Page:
One thing little girls forget is that their child will have a father, who may not have sat around his boy scout campfire comparing names with his buds, but who has definite ideas about the names of his own children. And sadly, he does have a say.
For better or worse, people have impressions about who you are as soon as they hear your name. As a kid, I once lamented to my mother that no famous person had my name, Mary Beth.
“Oh yes,” she said. “There was an actress named Mary Beth Hughes. But she didn’t fit the name.”
|Mary Beth Hughes:|
Mom: “She was very glamorous.”
According to Confucius, “If names are not correct, language will not be in accordance with the truth of things.” So I guess my Plain Jane name is in accordance with the truth of things. Sigh.
A quote from W.H. Auden: “Proper names are poetry in the raw. Like all poetry they are untranslatable.” I like that, too. It emphasizes the important task one has when naming someone.
It is not trivial, then, to consider the names of the characters of your novel. This chosen name will carry a piece of their personality to the reader. There are blogs and websites galore to help authors choose the perfect name, and an entire book (Character Naming Sourcebook) on the matter. When I googled it, I got over twelve million hits.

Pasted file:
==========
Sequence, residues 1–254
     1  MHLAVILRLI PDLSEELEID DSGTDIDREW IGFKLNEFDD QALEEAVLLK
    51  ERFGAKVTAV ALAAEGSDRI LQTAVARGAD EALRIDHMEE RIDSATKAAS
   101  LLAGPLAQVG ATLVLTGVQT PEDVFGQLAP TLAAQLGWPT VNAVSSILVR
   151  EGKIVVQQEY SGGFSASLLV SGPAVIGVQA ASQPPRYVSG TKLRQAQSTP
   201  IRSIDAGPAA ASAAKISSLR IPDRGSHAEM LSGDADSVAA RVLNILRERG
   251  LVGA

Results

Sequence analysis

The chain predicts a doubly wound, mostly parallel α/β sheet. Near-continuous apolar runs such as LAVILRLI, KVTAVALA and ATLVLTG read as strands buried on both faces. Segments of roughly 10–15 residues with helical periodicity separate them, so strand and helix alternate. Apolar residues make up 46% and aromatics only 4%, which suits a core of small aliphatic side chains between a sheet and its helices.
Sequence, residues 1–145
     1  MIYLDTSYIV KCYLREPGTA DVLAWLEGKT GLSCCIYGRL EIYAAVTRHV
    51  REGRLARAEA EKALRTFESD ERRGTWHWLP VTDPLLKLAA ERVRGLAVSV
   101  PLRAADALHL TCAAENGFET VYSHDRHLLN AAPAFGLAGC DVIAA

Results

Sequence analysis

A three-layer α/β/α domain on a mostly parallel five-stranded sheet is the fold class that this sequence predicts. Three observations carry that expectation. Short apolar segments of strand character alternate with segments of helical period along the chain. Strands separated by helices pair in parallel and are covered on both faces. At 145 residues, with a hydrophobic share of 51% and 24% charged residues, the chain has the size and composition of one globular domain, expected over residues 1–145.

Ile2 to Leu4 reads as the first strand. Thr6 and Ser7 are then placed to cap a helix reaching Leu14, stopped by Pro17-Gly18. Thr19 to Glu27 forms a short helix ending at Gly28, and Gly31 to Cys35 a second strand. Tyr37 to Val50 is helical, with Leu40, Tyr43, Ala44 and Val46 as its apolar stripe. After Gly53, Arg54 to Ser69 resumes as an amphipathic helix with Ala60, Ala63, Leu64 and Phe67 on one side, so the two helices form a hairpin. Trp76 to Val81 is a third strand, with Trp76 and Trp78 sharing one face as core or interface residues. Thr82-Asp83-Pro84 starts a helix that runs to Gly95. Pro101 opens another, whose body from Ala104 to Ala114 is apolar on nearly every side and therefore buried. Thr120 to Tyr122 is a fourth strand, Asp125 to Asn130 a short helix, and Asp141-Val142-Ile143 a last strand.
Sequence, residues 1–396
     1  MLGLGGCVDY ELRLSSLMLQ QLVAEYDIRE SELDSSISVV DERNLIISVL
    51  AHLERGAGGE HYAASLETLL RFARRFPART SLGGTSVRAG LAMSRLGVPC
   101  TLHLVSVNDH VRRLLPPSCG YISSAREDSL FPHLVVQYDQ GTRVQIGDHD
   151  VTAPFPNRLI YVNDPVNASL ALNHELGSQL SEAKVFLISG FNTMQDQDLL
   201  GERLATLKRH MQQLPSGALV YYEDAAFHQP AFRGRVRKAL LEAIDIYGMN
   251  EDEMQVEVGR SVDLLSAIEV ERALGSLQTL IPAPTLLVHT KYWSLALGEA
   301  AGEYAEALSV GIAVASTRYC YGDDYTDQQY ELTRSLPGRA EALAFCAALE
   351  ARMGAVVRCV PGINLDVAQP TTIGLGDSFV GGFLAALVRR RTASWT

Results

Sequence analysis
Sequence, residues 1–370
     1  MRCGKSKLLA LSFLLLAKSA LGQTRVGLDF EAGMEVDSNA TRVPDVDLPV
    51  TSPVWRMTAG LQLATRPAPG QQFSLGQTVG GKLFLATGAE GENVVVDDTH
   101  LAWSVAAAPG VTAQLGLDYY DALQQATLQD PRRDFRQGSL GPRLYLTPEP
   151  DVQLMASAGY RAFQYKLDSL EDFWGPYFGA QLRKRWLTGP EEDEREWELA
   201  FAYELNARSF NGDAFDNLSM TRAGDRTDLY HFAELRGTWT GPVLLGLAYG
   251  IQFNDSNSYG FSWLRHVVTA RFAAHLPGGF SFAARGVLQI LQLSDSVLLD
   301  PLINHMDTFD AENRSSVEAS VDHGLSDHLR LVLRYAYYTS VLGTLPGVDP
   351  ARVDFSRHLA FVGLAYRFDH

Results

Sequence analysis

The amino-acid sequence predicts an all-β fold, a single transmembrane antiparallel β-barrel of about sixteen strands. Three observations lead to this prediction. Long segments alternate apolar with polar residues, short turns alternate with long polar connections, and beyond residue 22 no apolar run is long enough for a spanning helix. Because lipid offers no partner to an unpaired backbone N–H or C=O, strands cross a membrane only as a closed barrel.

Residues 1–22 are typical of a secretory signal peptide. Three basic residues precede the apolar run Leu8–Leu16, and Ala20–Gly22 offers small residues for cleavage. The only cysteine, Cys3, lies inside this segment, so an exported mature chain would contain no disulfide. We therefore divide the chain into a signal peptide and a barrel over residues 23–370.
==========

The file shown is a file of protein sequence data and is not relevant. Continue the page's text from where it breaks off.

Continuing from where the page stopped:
So I took it very seriously last week when a member of my critique group questioned the name of one of my main characters, Margaret or Marg with a hard G. It sounds too close to her antagonist, Maeve, for one, and the female lead should have a softer sounding name, for two.
I brought this up to my husband, who said, “I never liked that name.” Oh.
I first went to Ancestry.Com to look through the names of my paternal ancestors, almost all of whom were Irish. I came up with Ann. My husband vetoed that. Too plain, he said. The part he did like about Marg was that it was not ordinary.
Next, I googled "Irish girl names" and found www.babynamesofIreland.com. This is a very marvelous site. Not only do they have lists of girls’ and boys’ names, they have the Gaelic version (with far too many consonants. sorry.), as well as the English versions, and their meanings. As a really cool bonus, they have Frank McCourt, author of Angela’s Ashes, read each name so you can get the actual pronunciation. I love it!
My husband and I agreed that, of my short-list names, the best is Eveleen (pronounced Ay-Vleen). It is not too strange since Evelyn is another version of it, but has enough of the exotic to be, as Auden says, poetry. And it has no hard sounds; it is soft and melodious. So Marg becomes Eveleen. Um, it also has the benefit of being close to the name of my sister, Evelyn, and I owe her. But that’s a story for another day.